F. Scott Fitzgerald – Tender is the Night

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The same warning signs that told me Frog Music is an abomination appear again. The first sentence is stiff. We spend a whole page setting a scene, but the atmosphere isn’t interesting. I know France is an exotic, exciting place. This cliche was boring the first time I read it. Characters appear, and we get their visual descriptions first of all. There is no reason to picture a character in one’s mind if you haven’t given a reason to care about them.

A little later we meet more people. We’re told who’s unpleasant and who’s not. What separates the Divers from the rest isn’t very clear. Dick wears a hat, that was clear. Other than that, Rosemary just tells us how amazing and cool and fantastic they are and how she loves him. It’s another romance where people fall in love at the first sight.

Maybe if Rosemary was developed, I could connect this odd behavior to something. There is something with her mother, but Rosemary’s main role is to be a nail in Dick’s coffin, and to tell us how great he is. Her arc isn’t resolved. She vanishes when Dick decides so. It’s okay to have characters whose main purpose to help push the protagonist somewhere, but even side characters are people. When they act odd, we’ll want an explaination.

From here on out Tender is the Night is a predictible ‘literary’ failure. The main character hits the bottom with alcohol. There are a lot of psedo-philosophical passages trying to explain the relationships between the characters using sentences that are much longer than this one. It’s like The Golden Notebook, with weaker prose and less imagination. There is a lot of telling how the characters feel. You will also be told, over and over, how exciting, exotic and foreign France and Italy are.

I read this story of a rich man going down his spiral with a glass of whiskey before. It was called Appointment in Samarra. It was just as shallow, but O’Hara didn’t cover up his story with such stiff writing.

I wish I could find a reason why Dick reached the bottom of his spiral. I know why the protagonist hit the bottom in that Nine Inch Nails album, and it’s not even marketed as a rock opera. If Reznor can use a few lines to make us understand the downfall of a man, why can’t Fitzgerald?

There is a bit of a Jesus complex here. Dick is a man obsessed with saving people, especially women. This brings me back to my virtual days. Only, when I wanted so much to have heart-to-heart conversations with girls and help them with their issues it was because I wanted the same, or that I wanted power. I won’t start to self-psychoanalyze, but I could connect this ‘wanting to save people’ to a few inner attributes. Good superhero stories also relate this desire to save people to some inner struggle of the characer.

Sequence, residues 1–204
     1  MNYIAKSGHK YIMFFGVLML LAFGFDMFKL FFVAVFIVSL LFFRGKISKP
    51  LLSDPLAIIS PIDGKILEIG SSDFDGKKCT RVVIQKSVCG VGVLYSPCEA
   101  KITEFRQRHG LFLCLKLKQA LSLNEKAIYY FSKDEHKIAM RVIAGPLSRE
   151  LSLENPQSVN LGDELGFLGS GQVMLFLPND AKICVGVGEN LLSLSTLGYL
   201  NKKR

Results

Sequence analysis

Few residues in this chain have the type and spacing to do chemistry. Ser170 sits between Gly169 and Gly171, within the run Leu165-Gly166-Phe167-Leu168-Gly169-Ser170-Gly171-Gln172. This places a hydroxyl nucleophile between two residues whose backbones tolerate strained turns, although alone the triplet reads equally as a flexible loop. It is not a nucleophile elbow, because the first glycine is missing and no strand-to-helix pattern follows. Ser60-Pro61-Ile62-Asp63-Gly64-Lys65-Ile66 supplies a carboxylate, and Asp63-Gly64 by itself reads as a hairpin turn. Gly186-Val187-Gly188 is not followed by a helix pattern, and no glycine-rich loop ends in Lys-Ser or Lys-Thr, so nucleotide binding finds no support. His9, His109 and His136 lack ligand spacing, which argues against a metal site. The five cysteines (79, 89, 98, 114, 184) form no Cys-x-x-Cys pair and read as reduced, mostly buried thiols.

Throughout the book I kept waiting to see what was Dick’s flaw. I waited for the chink in his armor, the same one that made characters like Max Cohen so great and fascinating. I couldn’t find it. Again, it may be the drinking, but that’s external.

It’s hard to be emotionally invested in a man falling down for no reason. It’s sad, sure, but how do you relate or connect to it? A man falling down is no different than a stone falling down. They’re both objects trapped in Earth’s gravity. Humans tend to have much interesting reasons for falling down than rocks, but you wouldn’t know it in Tender is the Night.

” “He’s a spic!”, he said. He was frantic with jealousy. He didn’t want to be hurt again.”

I don’t even know what spic means, but I could tell from the context of the conversation that it’s not synonymous with “The guy makes me wish I was a homosexual”. This is how you show a person is ‘frantic with jealousy’. Why was that extra line necessary? Nowhere in the book it’s implied that Dick is a masochist, so telling me he didn’t want to be hurt again is like telling me there’s nothing wrong with his digestive system.

“He left a call for noon, stripped off his clothes and dove literally into a heavy sleep.”

What is the word ‘literary’ doing there? How do you ‘dive’ metaphorically? After all, diving is either plunging into water or to fall head down through the air. It’s like saying ‘he literally bit the steak’. It’s an extra word, like a lot of words.

That’s the biggest problem with the novel. It has a lot of words and complex sentences, but none of them lead anywhere. It’s a rambling novel, but its ramblings are closer to King’s Cujo than Catcher in the Rye or any Paul Auster novel. Fitzgerald’s crazy relationship with Zelda is always brought into the disucssion, but it doesn’t give new insight to the novel. It explains why it’s so bad.

Catcher in the Rye and Something Happened felt like they came from deep pain, but they trapped you in the character’s heads and made you feel what they feel. They weren’t written to tell a clear story but to tell you what it feels like. Tender is the Night tries too hard to tell a steady story, but its writing style is the ramblings of a depressed.

Depression rarely produces coherent pieces. It can produce emotionally powerful ones, but music albums like Saturday Night Wrist take advantage of the messiness. Tender is the Night tries to find order in something chaothic, and all it does is make the chaos lose its meaning. It refuses to speak with it on its own terms. It’s a conversation where the people speak in different langauges, only without the humor.

1.5 psychologists out of 5

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Saul Bellow – Herzog